The U.S. and Japanese equity markets have been among the best performing equity markets this year. The gains in U.S. equities seem to be largely a function of domestic accounts.
Foreign investors appear to have played a larger role in the advance of Japanese shares. Weekly Ministry of Finance data shows foreign investors have bought $79 bln worth of Japanese equities this year (through mid-June).
Typically foreign investors focus on the big blue chip names. However, many of these companies have sophisticated currency hedging programs and had bought protection from their traditional nemesis, a stronger yen. Smaller companies are more flexible and are, arguably, better positioned to benefit from the weaker yen.
This great graphic, created on Bloomberg, shows the performance of the Nikkei (white line) and the Japanese over-the-counter (JASDAQ) index (yellow line). The Nikkei is price weighted, while the JASDAQ is cap-weighted. It is difficult to see it on the chart which is not normalized, but the JASDAQ has performed twice as well as the Nikkei this year. Through today's session, the Nikkei has gained about 23.4%, while the JASDAQ is up 51.6%. Admittedly most of the rise was seen in the first three months of the year, but even here in Q2, the general out-performance has held. The Nikkei is up 3.5%, while the JASDAQ is up 7.1%.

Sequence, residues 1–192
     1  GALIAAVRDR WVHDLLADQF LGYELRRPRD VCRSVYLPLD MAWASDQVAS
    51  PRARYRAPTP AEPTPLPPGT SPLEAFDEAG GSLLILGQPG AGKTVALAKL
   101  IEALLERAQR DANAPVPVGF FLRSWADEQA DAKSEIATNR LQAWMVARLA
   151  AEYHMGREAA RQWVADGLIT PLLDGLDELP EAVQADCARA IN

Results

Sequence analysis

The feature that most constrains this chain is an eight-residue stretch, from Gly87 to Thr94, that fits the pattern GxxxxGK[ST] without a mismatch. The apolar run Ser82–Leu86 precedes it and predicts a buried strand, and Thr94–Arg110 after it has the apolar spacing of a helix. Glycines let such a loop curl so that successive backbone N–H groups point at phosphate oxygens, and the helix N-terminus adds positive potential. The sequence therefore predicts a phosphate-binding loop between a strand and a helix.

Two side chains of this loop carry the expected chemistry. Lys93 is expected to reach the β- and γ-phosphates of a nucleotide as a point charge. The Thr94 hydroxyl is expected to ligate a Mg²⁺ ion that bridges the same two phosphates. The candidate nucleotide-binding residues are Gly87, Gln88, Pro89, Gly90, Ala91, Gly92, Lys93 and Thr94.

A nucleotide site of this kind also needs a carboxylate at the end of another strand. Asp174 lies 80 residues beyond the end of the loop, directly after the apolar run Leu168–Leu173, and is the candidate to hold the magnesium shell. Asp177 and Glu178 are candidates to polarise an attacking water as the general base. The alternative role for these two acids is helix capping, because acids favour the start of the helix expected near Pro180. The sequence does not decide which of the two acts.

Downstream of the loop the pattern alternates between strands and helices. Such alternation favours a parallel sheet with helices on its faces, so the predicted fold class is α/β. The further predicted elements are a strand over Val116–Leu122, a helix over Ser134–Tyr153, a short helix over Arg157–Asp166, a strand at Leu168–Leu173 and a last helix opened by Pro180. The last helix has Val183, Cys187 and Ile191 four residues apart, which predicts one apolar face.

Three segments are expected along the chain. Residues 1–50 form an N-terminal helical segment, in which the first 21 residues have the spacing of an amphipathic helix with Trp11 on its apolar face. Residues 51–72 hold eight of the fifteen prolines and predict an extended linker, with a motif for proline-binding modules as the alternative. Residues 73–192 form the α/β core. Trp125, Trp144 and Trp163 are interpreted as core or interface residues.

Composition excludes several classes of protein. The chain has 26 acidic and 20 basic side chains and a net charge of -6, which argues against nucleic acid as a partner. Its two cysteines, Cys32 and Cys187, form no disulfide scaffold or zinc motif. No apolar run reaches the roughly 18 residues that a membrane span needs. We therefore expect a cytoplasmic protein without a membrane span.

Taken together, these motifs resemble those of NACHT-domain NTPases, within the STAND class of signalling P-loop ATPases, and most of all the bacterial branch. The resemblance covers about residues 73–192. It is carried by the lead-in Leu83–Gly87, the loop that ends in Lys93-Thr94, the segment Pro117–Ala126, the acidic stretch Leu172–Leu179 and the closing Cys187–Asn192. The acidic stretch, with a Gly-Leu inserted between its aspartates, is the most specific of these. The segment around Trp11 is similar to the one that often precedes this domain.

It is also interesting to note that the dividend yield of the Nikkei is 1.61% and the JASDAQ is 1.26%. The 10-year JGB yield is 0.85%. By way of comparison, the S&P 500 dividend yield is 2.15%, while the NASDAQ yield is a more modest 1.54%. The 10-year Treasury yield stands near 2.56% today.
Disclosure: I have no positions in any stocks mentioned, and no plans to initiate any positions within the next 72 hours. I wrote this article myself, and it expresses my own opinions. I am not receiving compensation for it. I have no business relationship with any company whose stock is mentioned in this article.